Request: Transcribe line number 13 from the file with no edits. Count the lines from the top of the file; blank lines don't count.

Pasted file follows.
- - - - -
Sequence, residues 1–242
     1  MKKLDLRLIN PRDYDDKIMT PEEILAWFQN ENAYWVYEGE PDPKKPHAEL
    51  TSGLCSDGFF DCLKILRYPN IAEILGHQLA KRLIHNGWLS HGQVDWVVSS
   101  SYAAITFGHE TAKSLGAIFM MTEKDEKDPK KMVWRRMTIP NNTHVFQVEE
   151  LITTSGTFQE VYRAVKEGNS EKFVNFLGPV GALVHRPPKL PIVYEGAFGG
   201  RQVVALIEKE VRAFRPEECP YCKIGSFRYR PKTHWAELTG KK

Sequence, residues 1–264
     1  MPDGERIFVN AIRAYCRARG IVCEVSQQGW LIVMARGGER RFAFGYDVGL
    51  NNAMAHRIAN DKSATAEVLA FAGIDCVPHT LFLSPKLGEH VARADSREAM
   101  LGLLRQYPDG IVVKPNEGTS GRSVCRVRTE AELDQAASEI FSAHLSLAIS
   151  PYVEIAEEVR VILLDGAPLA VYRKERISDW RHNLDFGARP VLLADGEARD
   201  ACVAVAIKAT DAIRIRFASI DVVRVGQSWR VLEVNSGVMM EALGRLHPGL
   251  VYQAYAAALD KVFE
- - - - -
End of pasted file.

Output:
   251  VYQAYAAALD KVFE